Banking on the Crazy


As Sahil Kapur explained yesterday, Democrats face real challenges in November, quite apart from Obamacare or whatever else you think might be presenting challenges for Democrats this year. The House seems like an extremely steep challenge. So the Senate is the real issue.

Republicans have a steep, steep advantage because of the playing field itself. Remember, this is the rematch of the 2008 election, another year like 2006 when basically every Democrat who had a chance won. That means there are a lot of freshman senators who are only barely plausible in their states facing reelection. Add to that that it’s the mid-term in a six year of a presidency – which favors the out-party and the GOP, which in this case happen to be one in the same. Some have, despite expectations, nicely firmed up their positions in their states to the extent that they face only token opposition. Al Franken is probably the best example of that. But many face challenging battles.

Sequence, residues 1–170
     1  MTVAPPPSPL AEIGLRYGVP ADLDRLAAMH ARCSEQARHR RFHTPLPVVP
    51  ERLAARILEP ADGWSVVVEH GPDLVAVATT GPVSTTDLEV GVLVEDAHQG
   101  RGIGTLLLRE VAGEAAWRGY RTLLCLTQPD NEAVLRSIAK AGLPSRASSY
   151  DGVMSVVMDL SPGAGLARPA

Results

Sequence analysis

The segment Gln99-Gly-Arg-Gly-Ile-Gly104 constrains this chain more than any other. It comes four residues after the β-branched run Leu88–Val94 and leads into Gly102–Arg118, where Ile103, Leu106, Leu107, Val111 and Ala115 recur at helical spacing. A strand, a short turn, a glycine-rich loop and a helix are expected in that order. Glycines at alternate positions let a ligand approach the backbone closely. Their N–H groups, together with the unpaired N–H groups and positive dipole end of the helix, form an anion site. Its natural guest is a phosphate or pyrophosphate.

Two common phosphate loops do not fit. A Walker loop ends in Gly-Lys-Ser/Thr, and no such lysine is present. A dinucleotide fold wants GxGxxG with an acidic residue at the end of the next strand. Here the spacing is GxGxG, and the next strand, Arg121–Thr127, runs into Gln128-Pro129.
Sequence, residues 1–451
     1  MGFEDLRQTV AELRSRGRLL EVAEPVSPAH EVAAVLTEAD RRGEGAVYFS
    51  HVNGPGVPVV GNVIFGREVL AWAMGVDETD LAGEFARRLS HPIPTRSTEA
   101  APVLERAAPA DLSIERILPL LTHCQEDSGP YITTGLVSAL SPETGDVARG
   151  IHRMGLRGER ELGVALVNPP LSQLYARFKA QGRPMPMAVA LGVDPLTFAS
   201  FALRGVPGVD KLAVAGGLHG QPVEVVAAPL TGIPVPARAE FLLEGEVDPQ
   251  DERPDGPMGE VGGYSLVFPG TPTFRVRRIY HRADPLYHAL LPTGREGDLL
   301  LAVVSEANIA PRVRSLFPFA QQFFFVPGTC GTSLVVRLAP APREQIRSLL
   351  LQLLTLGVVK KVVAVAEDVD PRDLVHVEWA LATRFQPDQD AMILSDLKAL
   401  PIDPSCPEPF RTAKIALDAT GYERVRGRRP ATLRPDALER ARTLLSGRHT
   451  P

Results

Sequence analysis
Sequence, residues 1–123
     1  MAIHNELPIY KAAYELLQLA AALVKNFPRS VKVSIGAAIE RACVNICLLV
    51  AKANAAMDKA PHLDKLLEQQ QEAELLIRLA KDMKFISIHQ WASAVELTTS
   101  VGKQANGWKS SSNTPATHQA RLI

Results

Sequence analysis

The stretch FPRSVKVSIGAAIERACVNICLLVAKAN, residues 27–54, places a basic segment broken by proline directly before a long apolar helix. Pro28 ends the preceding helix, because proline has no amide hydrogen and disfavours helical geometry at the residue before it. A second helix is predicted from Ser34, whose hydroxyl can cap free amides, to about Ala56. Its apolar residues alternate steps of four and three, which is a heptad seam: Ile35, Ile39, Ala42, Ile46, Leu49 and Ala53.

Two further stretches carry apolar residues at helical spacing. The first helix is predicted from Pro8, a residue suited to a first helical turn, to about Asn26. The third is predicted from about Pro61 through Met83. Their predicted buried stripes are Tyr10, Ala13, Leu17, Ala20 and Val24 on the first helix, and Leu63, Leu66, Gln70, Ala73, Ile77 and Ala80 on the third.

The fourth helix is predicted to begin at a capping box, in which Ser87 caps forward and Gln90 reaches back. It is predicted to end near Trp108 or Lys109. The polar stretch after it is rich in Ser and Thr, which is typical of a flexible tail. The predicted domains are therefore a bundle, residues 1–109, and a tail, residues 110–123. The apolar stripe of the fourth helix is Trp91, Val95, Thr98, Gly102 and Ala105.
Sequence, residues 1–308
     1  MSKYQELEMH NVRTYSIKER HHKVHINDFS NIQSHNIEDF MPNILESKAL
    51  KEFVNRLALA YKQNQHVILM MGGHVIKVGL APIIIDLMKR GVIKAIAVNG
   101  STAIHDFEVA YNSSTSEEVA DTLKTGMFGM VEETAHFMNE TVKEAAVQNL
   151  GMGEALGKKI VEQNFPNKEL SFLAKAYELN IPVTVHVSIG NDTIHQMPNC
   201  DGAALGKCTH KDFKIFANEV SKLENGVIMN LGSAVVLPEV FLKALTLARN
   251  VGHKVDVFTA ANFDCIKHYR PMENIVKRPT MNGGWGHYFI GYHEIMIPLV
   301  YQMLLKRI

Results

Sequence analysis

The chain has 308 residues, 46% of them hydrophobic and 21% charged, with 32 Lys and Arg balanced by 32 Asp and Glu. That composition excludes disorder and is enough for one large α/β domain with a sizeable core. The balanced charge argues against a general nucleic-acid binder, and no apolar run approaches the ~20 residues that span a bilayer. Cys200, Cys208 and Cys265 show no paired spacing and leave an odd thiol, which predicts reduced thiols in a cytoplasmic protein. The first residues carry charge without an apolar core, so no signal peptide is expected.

The real question is whether the Democrats can rely on the improbable ally of the Tea Party which has saved their hides in the last two cycles. And it may just happen. Kentucky, Georgia, Colorado and a few other states show a real chance of replaying the 2010/2012 model where Republicans blow pretty solid odds by nominating a candidate who’s simply too nuts or offensive even for a purple or fairly conservative electorate. Mississippi has a truly nutball Tea Partier gaining traction. He’s close to be an out neo-Confederate and crypto-white rights candidate. But the state is so conservative I doubt a Democrat could beat him regardless. So that’s likely just an opportunity to have a semi-closeted white supremacist in the Senate.

But will it be enough. Here’s Charlie Cook’s current rating of the race. The one race I think he’s off on is Michigan: that’s not a toss-up. Is there an Angle or Akin or O’Donnell? Georgia’s the best shot at that. And Dems are lucky to have a pretty strong candidate in that race, despite having a fairly weak bench in the state. But are there enough? That’s the question.